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Geoscientific Model Development An interactive open-access journal of the European Geosciences Union
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Volume 10, issue 3
Geosci. Model Dev., 10, 1261-1289, 2017
https://doi.org/10.5194/gmd-10-1261-2017
© Author(s) 2017. This work is distributed under
the Creative Commons Attribution 3.0 License.
Geosci. Model Dev., 10, 1261-1289, 2017
https://doi.org/10.5194/gmd-10-1261-2017
© Author(s) 2017. This work is distributed under
the Creative Commons Attribution 3.0 License.

Model evaluation paper 27 Mar 2017

Model evaluation paper | 27 Mar 2017

Global methane emission estimates for 2000–2012 from CarbonTracker Europe-CH4 v1.0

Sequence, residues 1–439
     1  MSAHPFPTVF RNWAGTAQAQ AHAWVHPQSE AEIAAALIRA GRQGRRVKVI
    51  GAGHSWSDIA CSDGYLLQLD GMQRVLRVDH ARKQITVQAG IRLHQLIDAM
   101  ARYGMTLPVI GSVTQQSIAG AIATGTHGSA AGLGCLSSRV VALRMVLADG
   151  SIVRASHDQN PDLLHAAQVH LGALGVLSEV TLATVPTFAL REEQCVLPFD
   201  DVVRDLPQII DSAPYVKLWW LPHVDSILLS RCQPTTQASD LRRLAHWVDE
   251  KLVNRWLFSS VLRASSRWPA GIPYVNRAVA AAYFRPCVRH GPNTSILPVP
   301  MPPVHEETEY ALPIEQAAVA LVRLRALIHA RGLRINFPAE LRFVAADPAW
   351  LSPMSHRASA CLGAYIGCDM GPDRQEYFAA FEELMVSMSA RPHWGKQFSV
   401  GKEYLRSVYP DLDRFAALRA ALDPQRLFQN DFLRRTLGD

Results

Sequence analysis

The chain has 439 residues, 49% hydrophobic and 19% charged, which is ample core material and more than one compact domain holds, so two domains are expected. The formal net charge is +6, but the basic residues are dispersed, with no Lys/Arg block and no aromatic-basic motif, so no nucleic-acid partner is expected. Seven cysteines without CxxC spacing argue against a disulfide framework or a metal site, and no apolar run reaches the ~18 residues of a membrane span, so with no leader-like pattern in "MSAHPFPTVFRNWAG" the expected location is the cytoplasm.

Aki Tsuruta1, Tuula Aalto1, Leif Backman1, Janne Hakkarainen2, Ingrid T. van der Laan-Luijkx3,5, Maarten C. Krol3,4,5, Renato Spahni6, Sander Houweling4,5, Marko Laine2, Ed Dlugokencky7, Angel J. Gomez-Pelaez8, Marcel van der Schoot9, Ray Langenfelds9, Raymond Ellul10, Jgor Arduini11,12, Francesco Apadula13, Christoph Gerbig14, Dietrich G. Feist14, Rigel Kivi15, Yukio Yoshida16, and Wouter Peters3,17 Aki Tsuruta et al.
  • 1Climate Research, Finnish Meteorological Institute, Helsinki, Finland
  • 2Earth Observation, Finnish Meteorological Institute, Helsinki, Finland
  • 3Meteorology and Air Quality, Wageningen University & Research, Wageningen, the Netherlands
  • 4SRON Netherlands Institute for Space Research, Utrecht, the Netherlands